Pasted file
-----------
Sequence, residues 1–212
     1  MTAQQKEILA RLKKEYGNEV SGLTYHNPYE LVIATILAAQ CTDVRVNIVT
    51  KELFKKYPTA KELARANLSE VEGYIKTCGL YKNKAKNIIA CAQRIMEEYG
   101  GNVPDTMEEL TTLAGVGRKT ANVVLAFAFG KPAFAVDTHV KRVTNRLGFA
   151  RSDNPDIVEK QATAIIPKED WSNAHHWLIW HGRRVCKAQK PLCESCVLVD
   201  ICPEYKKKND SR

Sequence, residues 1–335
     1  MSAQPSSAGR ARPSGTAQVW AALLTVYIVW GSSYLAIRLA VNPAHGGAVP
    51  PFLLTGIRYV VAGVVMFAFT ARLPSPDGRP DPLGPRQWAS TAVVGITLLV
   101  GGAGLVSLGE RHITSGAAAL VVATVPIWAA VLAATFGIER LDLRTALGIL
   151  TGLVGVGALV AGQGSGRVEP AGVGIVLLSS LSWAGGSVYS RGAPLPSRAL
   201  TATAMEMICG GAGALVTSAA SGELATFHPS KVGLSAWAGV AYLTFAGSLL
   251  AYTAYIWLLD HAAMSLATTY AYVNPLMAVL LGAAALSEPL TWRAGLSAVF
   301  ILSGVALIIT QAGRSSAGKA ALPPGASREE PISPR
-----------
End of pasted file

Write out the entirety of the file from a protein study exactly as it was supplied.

Sequence, residues 1–212
     1  MTAQQKEILA RLKKEYGNEV SGLTYHNPYE LVIATILAAQ CTDVRVNIVT
    51  KELFKKYPTA KELARANLSE VEGYIKTCGL YKNKAKNIIA CAQRIMEEYG
   101  GNVPDTMEEL TTLAGVGRKT ANVVLAFAFG KPAFAVDTHV KRVTNRLGFA
   151  RSDNPDIVEK QATAIIPKED WSNAHHWLIW HGRRVCKAQK PLCESCVLVD
   201  ICPEYKKKND SR

Sequence, residues 1–335
     1  MSAQPSSAGR ARPSGTAQVW AALLTVYIVW GSSYLAIRLA VNPAHGGAVP
    51  PFLLTGIRYV VAGVVMFAFT ARLPSPDGRP DPLGPRQWAS TAVVGITLLV
   101  GGAGLVSLGE RHITSGAAAL VVATVPIWAA VLAATFGIER LDLRTALGIL
   151  TGLVGVGALV AGQGSGRVEP AGVGIVLLSS LSWAGGSVYS RGAPLPSRAL
   201  TATAMEMICG GAGALVTSAA SGELATFHPS KVGLSAWAGV AYLTFAGSLL
   251  AYTAYIWLLD HAAMSLATTY AYVNPLMAVL LGAAALSEPL TWRAGLSAVF
   301  ILSGVALIIT QAGRSSAGKA ALPPGASREE PISPR